more likely to train their employees than their domestic counter parts. For example, in 1995, 46.2

per cent of wholly foreign-owned firms in Kenya provided training compared with 16.1 per cent

of wholly domestic-owned firms.

Governments should encourage multinationals to undertake human resource development in

order to facilitate technology transfer. Such training spillovers can occur via vertical (backward

and forward) linkages with domestic firms. Spillovers can also result from employees of

multinational corporations (MNCs) seeking work in domestic enterprises (labour turnover) or

from those starting up their own spin-offs (Miyamoto 2003)


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2.1.5 FDI’s Social Economic Benefit Measures

The main reason for conducting social cost benefit analysis is to subject project choice to a

consistent set of general objectives of national policy. For example, does the proposed

investment contribute towards national goals (Tanzania Vision 2025 and Millennium goals)

related to higher employment, output, consumption, savings, foreign exchange earning, income

distribution and other important national objectives?  Does the investment meet desirable

environmental standards? Will the net social benefits exceed social costs?

The analysis based on following.

1. Employment Creation. Will proposed investment create jobs, both directly and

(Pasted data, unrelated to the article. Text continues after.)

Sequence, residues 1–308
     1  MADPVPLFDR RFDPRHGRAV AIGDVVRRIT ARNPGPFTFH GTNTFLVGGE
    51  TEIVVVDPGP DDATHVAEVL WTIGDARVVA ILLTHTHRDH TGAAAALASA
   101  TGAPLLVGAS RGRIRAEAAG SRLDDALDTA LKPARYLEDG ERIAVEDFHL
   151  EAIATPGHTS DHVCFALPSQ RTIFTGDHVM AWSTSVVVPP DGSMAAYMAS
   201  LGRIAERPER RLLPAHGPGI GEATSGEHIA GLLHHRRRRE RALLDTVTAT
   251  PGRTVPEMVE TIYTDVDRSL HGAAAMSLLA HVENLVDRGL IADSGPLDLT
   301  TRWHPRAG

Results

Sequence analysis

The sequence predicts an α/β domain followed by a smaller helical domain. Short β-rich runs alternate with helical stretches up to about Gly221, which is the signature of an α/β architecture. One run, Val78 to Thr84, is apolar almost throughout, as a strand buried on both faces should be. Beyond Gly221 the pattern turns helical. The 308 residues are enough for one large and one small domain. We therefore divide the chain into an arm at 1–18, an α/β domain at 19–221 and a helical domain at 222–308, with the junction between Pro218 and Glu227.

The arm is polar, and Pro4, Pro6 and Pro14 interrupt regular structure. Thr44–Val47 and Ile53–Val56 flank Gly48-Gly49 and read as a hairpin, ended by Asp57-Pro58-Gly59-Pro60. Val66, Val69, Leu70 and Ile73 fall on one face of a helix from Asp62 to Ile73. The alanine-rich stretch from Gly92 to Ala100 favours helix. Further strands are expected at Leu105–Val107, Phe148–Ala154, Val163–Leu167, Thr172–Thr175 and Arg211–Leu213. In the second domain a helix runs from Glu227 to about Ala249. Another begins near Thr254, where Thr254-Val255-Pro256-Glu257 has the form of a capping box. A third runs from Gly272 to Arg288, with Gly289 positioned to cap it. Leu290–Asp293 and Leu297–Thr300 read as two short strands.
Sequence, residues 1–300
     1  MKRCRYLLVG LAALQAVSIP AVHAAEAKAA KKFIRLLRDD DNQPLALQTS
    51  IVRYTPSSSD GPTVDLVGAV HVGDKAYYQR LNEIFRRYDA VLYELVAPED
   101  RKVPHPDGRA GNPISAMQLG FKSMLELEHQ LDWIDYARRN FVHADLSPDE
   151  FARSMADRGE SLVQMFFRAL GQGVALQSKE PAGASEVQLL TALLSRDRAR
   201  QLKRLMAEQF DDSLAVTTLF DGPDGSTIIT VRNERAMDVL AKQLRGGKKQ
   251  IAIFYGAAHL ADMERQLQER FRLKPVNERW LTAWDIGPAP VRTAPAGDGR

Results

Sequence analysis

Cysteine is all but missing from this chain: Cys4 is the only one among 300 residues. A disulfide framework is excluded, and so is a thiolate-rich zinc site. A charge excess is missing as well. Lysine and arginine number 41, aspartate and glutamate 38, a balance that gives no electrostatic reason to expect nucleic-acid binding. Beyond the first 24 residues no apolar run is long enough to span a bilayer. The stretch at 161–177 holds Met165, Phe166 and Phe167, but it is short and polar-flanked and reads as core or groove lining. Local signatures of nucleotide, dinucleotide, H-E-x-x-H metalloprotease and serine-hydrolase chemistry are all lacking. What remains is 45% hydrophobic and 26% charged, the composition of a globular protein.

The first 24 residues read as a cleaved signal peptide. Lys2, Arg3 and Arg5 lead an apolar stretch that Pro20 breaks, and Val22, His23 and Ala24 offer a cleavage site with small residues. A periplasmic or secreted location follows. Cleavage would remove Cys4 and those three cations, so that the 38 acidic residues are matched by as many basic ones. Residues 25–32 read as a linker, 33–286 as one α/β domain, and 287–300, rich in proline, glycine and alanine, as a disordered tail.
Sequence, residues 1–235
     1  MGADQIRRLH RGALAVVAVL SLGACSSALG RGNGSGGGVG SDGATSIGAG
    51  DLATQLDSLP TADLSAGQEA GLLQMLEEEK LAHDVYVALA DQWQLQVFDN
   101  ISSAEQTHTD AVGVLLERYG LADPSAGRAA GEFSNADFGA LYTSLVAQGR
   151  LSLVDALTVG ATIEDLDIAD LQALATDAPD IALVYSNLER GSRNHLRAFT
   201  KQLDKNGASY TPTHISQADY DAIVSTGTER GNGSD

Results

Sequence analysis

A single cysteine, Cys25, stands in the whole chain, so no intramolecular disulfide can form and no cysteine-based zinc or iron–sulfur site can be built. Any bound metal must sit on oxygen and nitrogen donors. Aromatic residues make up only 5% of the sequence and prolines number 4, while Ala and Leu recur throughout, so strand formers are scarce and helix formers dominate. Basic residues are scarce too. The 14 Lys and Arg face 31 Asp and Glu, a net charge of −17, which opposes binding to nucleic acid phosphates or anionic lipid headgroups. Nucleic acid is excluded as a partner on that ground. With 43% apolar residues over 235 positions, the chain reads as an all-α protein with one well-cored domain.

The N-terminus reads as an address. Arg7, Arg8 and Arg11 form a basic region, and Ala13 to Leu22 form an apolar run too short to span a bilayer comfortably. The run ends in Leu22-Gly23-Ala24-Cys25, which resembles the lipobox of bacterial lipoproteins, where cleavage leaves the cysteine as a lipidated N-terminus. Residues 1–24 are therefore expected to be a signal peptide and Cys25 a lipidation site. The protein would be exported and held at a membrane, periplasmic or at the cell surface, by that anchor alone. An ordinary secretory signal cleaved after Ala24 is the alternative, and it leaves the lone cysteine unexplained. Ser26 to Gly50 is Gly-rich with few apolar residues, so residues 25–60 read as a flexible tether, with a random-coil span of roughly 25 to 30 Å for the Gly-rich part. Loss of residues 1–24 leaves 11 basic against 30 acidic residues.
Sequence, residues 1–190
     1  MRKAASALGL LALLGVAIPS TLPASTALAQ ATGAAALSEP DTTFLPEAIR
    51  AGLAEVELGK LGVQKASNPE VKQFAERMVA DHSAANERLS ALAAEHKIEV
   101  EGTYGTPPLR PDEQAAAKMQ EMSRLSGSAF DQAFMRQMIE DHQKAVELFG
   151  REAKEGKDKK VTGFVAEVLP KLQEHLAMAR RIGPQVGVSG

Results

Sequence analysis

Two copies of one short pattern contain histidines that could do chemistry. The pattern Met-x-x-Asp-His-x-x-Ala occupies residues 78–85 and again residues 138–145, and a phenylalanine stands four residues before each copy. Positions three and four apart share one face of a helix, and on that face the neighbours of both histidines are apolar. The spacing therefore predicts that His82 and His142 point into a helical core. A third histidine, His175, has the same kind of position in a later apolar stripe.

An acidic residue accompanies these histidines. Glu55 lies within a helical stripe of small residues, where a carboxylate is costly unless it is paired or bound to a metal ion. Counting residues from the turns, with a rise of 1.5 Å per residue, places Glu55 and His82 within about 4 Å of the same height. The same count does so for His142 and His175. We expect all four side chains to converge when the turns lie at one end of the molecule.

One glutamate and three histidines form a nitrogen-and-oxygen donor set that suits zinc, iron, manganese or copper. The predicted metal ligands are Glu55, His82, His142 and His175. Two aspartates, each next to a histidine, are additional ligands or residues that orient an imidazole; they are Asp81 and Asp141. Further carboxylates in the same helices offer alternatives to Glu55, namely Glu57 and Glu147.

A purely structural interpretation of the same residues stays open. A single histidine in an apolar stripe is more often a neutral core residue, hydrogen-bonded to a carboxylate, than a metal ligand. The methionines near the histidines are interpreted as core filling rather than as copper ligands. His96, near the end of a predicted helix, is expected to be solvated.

2. Technology, Knowledge and Skills Transfer. One important measure for evaluating

investment is whether the proposed project has a chance of enhancing technology,

knowledge and skills transfer. Often FDI can bring into the country both hard technology

(e.g. equipment, industrial processes) and soft technology (e.g. knowledge, information,

expertise, organizational skills, management, marketing and technical know-how).

3. Promotion of the country’s exports, competitiveness and markets. Transnational

companies can help boost the country’s exports through their foreign affiliates. In

general, Foreign Direct Investment (FDI) can be an important intermediary between

Tanzanian domestic producers and markets abroad. Foreign investors engaged in export-

oriented primary manufacturing and service activities can be particularly useful in

enhancing the county’s export competitiveness – in part because of their technological

superiority and quality consciousness.

3. Linkages with sectors of the economy. Is the investment likely to source inputs in the

local market? Will the investment improve the supply chain of goods and services? Will

the investment add value to domestic resources? These and other considerations that

foster linkages within the economy are important for accelerating economic growth.


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5. Improvement in the country’s financial inflows and balance of payments. Foreign direct